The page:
3.2. Exhaust Valve Timing

After testing the effects of varying diameter only, the effects of valve timing only are tested. Valve timings are varied from 80 to 120 degrees ATDC in steps of 2 degrees. The original angle is 109 degrees ATDC. The valve duration is held constant. Figure 11 shows the effect of changing the exhaust valve opening timing on engine torque. Valve timing has less of an impact than diameter. Continuous valve timing alone shows an average torque improvement of 1.94% than the original model. A valve timing between 90 and 105 degrees usually contains the largest torque. Similarly to the data found by Kesgin [20], once the EVO angle exceeds 109 degrees, the quality of the performance of the engine starts to decline as can be seen in Figure 11. Likewise to varying the diameter, torque increases while speed increases up to about 4000 rpm. After that, the torque declines and then increases again at around 5500 rpm. Performance drops steadily after 7000 rpm.

3.3. .Combined Variation of Exhaust Runner Diameter and Exhaust Valve Timing

In order to maximize the performance of the engine, a combination of variable diameter and valve timing needs to occur. For this research, the maximum torque is recorded for each case: original exhaust assembly, variable diameter only (case I), variable diameter (3 diameters) and valve timing together (case II). At each speed, the maximum torque is recorded for all cases. The maximum values for torque are plotted in Figure 12.
These maximum torque values are compared to the original model, independent of changes. The figure shows that all two cases produce visibly more torque than the original model at all engine speeds except around 6500 rpm. The gains in torque using pipes of three diameters are less than the gains using infinitely variable diameters. However, using pipes of three diameters and the addition of the variable valve timing recover that losses. Continuously varying the diameter shows an average torque improvement of 4.23% than the original model. However, when the variation of diameter is limited to three diameters of 36 mm, 45 mm and 60 mm, the average improvement of torque is reduced to 3.78%. The addition of variable valve timings increase the torque output by an average of 4.69%, which is 0.91% addition to the increase obtained by three steps variable diameter exhaust diameters alone.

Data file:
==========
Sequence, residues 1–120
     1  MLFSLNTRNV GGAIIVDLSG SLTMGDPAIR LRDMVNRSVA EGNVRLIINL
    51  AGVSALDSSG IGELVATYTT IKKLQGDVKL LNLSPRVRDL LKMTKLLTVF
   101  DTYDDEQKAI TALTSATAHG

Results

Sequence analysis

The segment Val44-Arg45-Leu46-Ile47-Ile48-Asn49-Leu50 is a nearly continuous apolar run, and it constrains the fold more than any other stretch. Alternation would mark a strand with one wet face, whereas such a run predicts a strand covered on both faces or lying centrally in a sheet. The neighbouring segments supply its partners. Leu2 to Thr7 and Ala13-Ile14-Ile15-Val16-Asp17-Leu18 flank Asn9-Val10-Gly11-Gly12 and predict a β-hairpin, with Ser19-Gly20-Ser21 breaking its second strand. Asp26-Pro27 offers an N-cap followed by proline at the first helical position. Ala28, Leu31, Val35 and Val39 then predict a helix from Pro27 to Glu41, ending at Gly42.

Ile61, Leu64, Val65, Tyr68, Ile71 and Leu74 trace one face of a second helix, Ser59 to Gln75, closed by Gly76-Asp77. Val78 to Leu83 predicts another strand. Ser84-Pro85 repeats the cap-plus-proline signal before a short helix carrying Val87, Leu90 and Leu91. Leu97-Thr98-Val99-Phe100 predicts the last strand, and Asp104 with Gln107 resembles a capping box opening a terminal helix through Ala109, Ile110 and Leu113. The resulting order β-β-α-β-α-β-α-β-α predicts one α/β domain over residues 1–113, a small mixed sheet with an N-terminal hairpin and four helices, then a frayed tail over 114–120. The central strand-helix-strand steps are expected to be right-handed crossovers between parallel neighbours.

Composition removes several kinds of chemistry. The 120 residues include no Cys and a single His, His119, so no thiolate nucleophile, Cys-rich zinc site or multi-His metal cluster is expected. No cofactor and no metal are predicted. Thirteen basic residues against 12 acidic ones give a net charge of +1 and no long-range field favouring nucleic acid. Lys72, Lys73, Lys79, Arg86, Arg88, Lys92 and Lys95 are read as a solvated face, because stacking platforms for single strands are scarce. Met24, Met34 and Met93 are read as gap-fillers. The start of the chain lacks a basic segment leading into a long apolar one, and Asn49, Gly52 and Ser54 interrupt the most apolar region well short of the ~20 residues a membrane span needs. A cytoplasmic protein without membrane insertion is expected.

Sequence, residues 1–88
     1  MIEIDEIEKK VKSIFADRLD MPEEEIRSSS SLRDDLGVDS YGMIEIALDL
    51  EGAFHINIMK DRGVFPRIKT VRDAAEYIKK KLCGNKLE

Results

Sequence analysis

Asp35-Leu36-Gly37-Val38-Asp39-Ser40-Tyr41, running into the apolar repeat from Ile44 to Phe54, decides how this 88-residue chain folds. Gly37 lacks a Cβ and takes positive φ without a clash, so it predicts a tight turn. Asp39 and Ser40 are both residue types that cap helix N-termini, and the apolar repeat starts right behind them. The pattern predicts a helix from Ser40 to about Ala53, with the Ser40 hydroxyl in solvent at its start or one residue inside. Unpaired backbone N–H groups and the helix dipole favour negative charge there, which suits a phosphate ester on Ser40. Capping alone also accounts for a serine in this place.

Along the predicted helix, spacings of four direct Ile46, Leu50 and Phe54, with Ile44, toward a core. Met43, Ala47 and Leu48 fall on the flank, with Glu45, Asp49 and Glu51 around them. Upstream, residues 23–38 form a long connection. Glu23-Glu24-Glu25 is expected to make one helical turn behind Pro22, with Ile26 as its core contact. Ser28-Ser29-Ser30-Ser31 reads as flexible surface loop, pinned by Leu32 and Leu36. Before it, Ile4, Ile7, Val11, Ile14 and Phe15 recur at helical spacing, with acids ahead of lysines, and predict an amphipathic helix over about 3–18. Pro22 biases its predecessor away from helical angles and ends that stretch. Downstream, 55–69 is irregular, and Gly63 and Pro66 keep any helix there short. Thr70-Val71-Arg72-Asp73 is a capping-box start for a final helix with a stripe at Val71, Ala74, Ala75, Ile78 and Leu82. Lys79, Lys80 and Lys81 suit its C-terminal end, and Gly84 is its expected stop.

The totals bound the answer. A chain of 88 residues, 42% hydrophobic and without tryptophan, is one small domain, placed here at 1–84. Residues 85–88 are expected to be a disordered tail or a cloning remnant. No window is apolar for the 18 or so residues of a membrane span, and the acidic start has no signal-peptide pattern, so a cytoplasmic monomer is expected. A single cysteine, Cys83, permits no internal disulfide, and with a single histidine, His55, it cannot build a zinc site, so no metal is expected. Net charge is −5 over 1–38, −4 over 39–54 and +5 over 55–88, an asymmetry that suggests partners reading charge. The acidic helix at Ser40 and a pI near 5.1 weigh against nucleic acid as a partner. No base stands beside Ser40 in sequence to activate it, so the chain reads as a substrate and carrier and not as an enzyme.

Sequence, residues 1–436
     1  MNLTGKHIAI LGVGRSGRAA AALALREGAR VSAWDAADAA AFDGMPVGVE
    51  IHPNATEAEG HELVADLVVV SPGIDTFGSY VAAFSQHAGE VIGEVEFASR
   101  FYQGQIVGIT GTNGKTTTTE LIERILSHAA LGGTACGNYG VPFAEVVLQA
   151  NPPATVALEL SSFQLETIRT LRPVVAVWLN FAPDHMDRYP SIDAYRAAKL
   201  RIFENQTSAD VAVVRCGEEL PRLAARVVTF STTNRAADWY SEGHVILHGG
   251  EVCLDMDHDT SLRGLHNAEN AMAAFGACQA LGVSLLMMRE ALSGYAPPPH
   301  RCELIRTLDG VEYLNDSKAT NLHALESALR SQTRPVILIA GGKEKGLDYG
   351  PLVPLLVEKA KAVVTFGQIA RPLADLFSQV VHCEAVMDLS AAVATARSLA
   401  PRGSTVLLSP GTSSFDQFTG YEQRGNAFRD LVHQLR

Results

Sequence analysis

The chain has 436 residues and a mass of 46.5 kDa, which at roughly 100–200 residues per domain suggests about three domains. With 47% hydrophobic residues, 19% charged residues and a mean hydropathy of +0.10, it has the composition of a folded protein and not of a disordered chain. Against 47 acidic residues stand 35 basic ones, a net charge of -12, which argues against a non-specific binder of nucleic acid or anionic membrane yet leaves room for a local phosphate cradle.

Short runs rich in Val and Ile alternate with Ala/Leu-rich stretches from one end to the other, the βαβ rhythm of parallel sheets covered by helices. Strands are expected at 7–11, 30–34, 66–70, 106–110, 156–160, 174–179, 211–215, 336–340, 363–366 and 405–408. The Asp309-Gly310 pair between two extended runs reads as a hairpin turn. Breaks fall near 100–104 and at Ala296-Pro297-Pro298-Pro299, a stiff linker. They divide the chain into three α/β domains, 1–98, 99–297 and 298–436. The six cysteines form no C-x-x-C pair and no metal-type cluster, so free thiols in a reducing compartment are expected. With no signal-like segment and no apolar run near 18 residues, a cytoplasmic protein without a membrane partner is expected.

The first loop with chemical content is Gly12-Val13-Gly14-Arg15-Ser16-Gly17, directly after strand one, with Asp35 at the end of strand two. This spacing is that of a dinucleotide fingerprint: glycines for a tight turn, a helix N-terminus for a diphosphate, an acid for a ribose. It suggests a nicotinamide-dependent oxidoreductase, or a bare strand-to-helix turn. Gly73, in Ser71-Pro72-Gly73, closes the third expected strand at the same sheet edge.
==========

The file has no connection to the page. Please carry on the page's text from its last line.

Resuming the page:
4. Conclusions

The effects of exhaust manifold tuning by varying the pipe diameter and exhaust valve timing have been simulated and studied. The simulation is carried out using Ricardo Wave software. The analysis shown concludes that varying the exhaust runner diameter and the exhaust valve timing can influence the torque of the engine. Of the two parameters viewed, the diameter has a greater effect than valve timing. Both can be varied simultaneously to produce the best results. Varying only the exhaust diameter continuously with speed improves the torque on average by 4.23%. However, varying the diameter continuously will be difficult to implement in a real-world situation. It may be more practical to vary valve timings across an extensive range, while varying the diameter only across several key values that produce the best torque. As an effort to overcome the practical limitations of varying the diameter continuously, only three variations (36 mm, 45 mm and 60 mm) are made to the exhaust pipe diameters ensuring that the research proposes a feasible, packable and cost-efficient approach for exhaust manifold tuning compared to infinitely variable diameter exhaust manifold assembly. Varying the diameter alone in three steps produces an average 3.78% improvement in torque and varying the diameter and valve timing together has a 4.69% improvement in torque. Butterfly valves can be used to direct the exhaust gas to different diameter pipes. The technology to use different pipes at different speeds are already in use in Mahindra 2 wheelers [43] and Toyota’s Acoustic Control Induction System (ACIS) [44,45]. They use this technology to switch to different length pipes for the intake runner at different speeds. A similar approach can be utilized for the proposed exhaust system in this research. Several telescopic pipes that changes at different speeds, could also be implemented. Such a system can improve the torque of gasoline engines without super- or turbo-charger.

Author Contributions

M.W. did the initial simulations and wrote the first draft. P.S. ran the simulations again to add more results and rewrote the paper. S.B. supervised both M.W. and M.W. to conduct this research and also, helped them to write the paper.

Conflicts of Interest

The authors declare no conflicts of interest.

Abbreviations

EVOExhaust Valve Opening
EVCExhaust Valve Closing
IVOIntake Valve Opening
IVCIntake Valve Closing
BTDCBefore Top Dead Center
ATDCAfter Top Dead Center
BBDCBefore Bottom Dead Center
ABDCAfter Bottom Dead Center
rpmRevolutions per Minute

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Figure 1. Compression and expansion waves of gas flow [17], (a) Positive pressure wave (b) Negative rarefaction wave.